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poetry Welfare Queen

The exiled Persian poet Majid Naficy draws on Christian parable (the Book of Matthew), suggesting that some of the irate voices on our streets are not enemies but prophets.

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Welfare Queen

By Majid Naficy

Here she comes
With incessant shouts
And two fiery eyes
Which like dying candles
Have suddenly inflamed
Before they finally burn out.

Passersby
Change their direction.
A man takes refuge
In his car,
A woman grabs her daughter’s hand
And crosses the street,
And I shelter behind a tree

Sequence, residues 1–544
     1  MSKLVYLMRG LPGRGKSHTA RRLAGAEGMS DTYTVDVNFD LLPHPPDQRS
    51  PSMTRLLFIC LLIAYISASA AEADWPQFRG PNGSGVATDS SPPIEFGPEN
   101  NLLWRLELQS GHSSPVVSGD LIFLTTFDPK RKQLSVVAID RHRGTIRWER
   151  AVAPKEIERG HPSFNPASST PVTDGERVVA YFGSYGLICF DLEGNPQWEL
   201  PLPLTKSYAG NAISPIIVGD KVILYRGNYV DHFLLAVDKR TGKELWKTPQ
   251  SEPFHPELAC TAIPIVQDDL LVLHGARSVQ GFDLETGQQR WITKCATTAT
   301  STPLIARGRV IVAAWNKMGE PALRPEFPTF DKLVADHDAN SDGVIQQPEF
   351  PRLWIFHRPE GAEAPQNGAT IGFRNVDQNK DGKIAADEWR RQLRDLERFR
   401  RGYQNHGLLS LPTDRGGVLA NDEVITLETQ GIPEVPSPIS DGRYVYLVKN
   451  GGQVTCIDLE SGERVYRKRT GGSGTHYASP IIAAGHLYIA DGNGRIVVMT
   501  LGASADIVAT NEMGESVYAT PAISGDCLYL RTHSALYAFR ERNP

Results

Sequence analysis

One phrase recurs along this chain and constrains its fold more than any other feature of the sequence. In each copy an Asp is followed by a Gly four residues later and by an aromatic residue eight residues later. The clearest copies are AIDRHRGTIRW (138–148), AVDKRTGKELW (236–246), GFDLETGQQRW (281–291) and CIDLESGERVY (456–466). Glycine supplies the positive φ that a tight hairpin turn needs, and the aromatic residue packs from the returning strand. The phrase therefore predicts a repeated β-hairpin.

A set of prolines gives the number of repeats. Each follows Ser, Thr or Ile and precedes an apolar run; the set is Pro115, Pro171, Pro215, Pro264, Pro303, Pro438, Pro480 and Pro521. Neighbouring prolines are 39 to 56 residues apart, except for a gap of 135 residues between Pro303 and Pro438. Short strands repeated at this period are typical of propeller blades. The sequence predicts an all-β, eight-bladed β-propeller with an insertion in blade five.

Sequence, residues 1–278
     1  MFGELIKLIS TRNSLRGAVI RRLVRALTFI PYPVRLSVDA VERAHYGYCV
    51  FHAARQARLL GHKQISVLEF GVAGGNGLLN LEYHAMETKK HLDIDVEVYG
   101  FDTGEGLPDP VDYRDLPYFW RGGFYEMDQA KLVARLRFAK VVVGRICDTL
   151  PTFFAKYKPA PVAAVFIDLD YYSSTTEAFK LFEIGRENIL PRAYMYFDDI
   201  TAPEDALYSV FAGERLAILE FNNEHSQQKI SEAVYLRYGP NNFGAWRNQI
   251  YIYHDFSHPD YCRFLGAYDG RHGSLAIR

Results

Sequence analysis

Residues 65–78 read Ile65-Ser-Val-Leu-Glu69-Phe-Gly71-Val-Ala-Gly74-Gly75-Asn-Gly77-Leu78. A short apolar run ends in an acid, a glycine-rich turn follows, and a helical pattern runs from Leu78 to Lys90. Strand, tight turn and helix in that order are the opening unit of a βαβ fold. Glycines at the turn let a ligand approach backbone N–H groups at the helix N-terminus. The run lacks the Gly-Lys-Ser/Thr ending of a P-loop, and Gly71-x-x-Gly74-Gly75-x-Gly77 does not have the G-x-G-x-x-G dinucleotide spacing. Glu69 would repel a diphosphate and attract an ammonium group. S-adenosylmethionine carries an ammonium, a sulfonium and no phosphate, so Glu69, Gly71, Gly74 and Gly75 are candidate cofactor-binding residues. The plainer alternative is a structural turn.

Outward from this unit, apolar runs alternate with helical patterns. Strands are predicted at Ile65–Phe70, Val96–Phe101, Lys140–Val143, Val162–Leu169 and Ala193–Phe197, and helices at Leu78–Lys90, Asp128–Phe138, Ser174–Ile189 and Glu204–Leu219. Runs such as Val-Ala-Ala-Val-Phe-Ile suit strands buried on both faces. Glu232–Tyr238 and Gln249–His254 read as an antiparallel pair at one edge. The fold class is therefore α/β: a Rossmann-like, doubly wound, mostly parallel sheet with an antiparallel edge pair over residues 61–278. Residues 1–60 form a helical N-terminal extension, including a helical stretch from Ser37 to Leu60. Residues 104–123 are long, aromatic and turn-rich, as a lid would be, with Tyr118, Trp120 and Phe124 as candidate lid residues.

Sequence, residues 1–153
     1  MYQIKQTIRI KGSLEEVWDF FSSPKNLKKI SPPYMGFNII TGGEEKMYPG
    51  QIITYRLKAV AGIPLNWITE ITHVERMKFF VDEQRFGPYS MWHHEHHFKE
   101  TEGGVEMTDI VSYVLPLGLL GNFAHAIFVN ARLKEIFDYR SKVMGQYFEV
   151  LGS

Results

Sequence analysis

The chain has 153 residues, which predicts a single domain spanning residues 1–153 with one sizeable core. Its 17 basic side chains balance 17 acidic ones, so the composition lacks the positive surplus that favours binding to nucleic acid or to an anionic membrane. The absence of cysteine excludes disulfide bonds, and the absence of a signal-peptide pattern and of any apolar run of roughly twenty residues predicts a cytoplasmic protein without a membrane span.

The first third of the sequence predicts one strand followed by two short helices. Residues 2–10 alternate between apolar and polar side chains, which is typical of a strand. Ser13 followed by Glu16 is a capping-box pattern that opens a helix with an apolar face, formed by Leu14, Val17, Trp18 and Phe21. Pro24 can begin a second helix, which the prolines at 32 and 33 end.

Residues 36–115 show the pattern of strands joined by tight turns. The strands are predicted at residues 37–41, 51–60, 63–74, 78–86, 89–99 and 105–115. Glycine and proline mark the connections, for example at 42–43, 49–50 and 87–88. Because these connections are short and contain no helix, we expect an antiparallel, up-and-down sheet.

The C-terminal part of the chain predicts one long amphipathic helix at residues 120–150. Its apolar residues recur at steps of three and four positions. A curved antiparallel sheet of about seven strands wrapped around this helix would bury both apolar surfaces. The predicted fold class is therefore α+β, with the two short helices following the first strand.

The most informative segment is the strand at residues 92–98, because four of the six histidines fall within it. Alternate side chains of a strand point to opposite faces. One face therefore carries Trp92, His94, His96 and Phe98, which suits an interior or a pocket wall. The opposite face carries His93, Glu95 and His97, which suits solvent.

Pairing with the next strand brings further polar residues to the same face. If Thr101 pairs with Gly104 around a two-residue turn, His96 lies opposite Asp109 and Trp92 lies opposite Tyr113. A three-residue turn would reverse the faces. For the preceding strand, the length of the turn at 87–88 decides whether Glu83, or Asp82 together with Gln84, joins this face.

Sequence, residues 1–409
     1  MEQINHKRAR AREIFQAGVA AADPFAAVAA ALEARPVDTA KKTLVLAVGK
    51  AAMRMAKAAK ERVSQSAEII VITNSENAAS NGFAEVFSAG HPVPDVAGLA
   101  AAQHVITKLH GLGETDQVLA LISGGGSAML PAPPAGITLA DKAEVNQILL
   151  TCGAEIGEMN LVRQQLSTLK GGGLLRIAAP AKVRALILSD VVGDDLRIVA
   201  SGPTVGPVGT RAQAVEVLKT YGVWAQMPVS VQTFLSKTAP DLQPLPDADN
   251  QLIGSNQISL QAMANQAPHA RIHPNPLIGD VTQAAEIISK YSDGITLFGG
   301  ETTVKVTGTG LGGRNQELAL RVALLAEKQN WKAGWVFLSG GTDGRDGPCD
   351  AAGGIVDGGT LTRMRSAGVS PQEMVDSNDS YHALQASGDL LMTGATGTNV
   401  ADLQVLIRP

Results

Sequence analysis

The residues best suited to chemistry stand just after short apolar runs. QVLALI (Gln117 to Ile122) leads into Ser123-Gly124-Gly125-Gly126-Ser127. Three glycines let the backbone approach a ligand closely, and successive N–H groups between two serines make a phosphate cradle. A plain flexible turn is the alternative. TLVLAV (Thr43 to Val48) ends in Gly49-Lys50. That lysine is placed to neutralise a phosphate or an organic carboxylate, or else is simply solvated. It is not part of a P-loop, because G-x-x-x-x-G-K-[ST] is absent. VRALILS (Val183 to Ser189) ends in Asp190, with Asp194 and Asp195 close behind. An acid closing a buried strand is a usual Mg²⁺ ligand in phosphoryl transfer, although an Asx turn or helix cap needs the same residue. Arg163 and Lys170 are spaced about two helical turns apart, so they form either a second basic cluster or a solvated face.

Thinking to myself:
Perhaps she ran out
Of her pills
The day the Governor
Closed mental hospitals
To cut the budget
Or the President
Called her “a welfare queen”
To make a public enemy.

And yet
She doesn’t even have a shopping cart
To make a barricade
Or a walking buddy
To give her a hand.
Thus
She shouts incessantly
Until a hand
Puts a red robe
On her shoulders,
A crown of thorns
On her head
And a reed cane
In her right hand*.

* Matthew 27:28-29

Majid Naficy fled Iran in 1983, a year and a half after the execution of his wife, Ezzat in Tehran. Since 1984 Majid has been living in West Los Angeles. He has published two collections of poetry in English Muddy Shoes (Beyond Baroque, Books, 1999) and Father and Son (Red Hen Press, 2003) as well as his doctoral dissertation at UCLA Modernism and Ideology in Persian Literature (University Press of America, 1997). Majid has also published more than twenty books of poetry and essay in Persian.